basically, the same thing as before, but I encountered this elsewhere (on Usenet), and figured I might see what people here thought about it:

yes, granted, this is a different domain from what the people here are dealing with.

BTW: I was recently doing some fiddling with working on a new JIT (unrelated to the video), mostly restarting a prior effort (started writing a new JIT a few months ago, stopped working on it as there were more important things going on elsewhere, this effort is still not a high-priority though, ...).

not really sure if stuff related to writing a JIT is particularly relevant here, and no, I am not trying to spam, even if it may seem like it sometimes.

On 3/2/2012 10:25 AM, BGB wrote:
On 3/2/2012 3:07 AM, Reuben Thomas wrote:
On 2 March 2012 00:43, Julian Leviston<>  wrote:
What if the aim that superseded this was to make it available to the next set of people, who can do something about real fundamental change around
Then it will probably fail: why should anyone else take up an idea
that its inventors don't care to promote?


most people are motivated essentially by "getting the job done", and if a technology doesn't exist yet for them to use, most often they will not try to implement one (instead finding something which exists and making it work), or if they do implement something, it will be "their thing, their way".

so, it makes some sense to try to get a concrete working system in place, which people will build on, and work on.

granted, nearly everything tends towards "big and complex", so there is not particularly to gain by fighting it. if one can get more done in less code, this may be good, but I don't personally believe minimalism to be a good end-goal in itself (if it doesn't offer much over the existing options).

Perhaps what is needed is to ACTUALLY clear out the cruft. Maybe it's not easy or possible through the "old" channels... too much work to convince too
many people who have so much history of the merits of tearing down the
existing systems.
The old channels are all you have until you create new ones, and
you're not going to get anywhere by attempting to tear down existing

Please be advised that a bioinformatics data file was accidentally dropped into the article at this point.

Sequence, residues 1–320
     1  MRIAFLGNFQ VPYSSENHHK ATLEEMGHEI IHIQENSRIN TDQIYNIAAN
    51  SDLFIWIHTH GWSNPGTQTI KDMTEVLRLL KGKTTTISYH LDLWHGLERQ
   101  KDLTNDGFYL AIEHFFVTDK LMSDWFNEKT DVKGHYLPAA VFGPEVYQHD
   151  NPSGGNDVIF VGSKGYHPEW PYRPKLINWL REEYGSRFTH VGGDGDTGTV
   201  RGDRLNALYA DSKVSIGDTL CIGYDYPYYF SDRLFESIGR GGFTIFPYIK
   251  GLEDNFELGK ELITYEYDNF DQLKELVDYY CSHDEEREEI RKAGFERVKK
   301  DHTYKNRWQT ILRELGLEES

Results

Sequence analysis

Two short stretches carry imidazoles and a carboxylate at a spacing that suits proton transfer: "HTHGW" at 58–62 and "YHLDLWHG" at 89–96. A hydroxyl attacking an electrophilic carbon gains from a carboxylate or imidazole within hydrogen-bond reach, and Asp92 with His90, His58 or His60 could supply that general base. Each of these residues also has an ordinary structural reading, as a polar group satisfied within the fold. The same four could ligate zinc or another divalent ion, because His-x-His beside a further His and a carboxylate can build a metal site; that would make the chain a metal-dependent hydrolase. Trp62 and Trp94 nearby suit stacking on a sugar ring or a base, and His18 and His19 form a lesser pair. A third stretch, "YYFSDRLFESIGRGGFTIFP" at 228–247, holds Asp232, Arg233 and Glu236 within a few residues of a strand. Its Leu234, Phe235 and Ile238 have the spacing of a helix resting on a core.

systems; they will be organically overrun when alternatives become
more popular. But this says nothing about which alternatives become
more popular.


this is a world built on evolutions, rather than on revolutions.
a new thing comes along, out-competes the old thing, and eventually takes its place.
something new comes along, and does the same.
and so on...

the most robust technologies then are those which have withstood the test of time despite lots of competition, and often which have been able to adapt to better deal with the new challenges.

so, if one wants to defeat what exists, they may need to be able to create something decidedly "better" than what exists, at the things it does well, and should ideally not come with huge costs or drawbacks either.

consider, a new systems language (for competing against C):
should generate more compact code than C;
should be able to generate faster code;
should not have any mandatory library dependencies;
should ideally compile faster than C;
should ideally be easier to read and understand than C;
should ideally be more expressive than C;

and, avoid potential drawbacks:
impositions on the possible use cases (say, unsuitable for writing an OS kernel, ...); high costs of conversion (can't inter-operate with C, is difficult to port existing code to); steep learning curve or "weirdness" (should be easy to learn for C developers, shouldn't cause them to balk at weird syntax or semantics, ...);
language or implementation is decidedly more complex than C;
most of its new features are useless for the use-case;
it poorly handles features essential to the use case;

but, if one has long lists, and compares many other popular languages against them, it is possible to generate estimates for how and why they could not displace it from its domain.

not that it means it is necessarily ideal for every use case, for example, Java and C# compete in domains where both C and C++ have often done poorly.

neither really performs ideally in the others domain, as C works about as well for developing user-centric GUI apps as Java or C# works well as a systems language: not very well.

and, neither side works all that well for high-level scripting, hence a domain largely controlled by Lua, Python, Scheme, JavaScript, and so on.

but, then these scripting languages often have problems scaling to the levels really needed for application software, often showing weaknesses, such as the merit (in the small) of more easily declaring variables while mostly ignoring types, becomes a mess of difficult-to-track bugs and run-time exceptions as the code gets bigger, and one may start running into problems with managing visibility and scope (as neither lexical nor global scope scale ideally well), ...

more so, a typical scripting language is likely to fail miserably as systems languages. so, it also makes sense to define which sorts of domains a language targets.


for example, although my own language is working some on features intended for increasing scalability and performance (and some use in the "application" domain), its primary role remains as a scripting language, generally for apps written in C and C++ (since C remains as my main language, with C++ in second place).

in my case, assuming it is "good enough", it may eventually subsume some areas which are currently handled mostly by C code, but development is slow in some ways (and "change" often happens one piece at a time). things are still far from perfect (and I often use caution in these areas, as lacking sufficient caution long ago ended up costing me a fair amount of code...).

or such...

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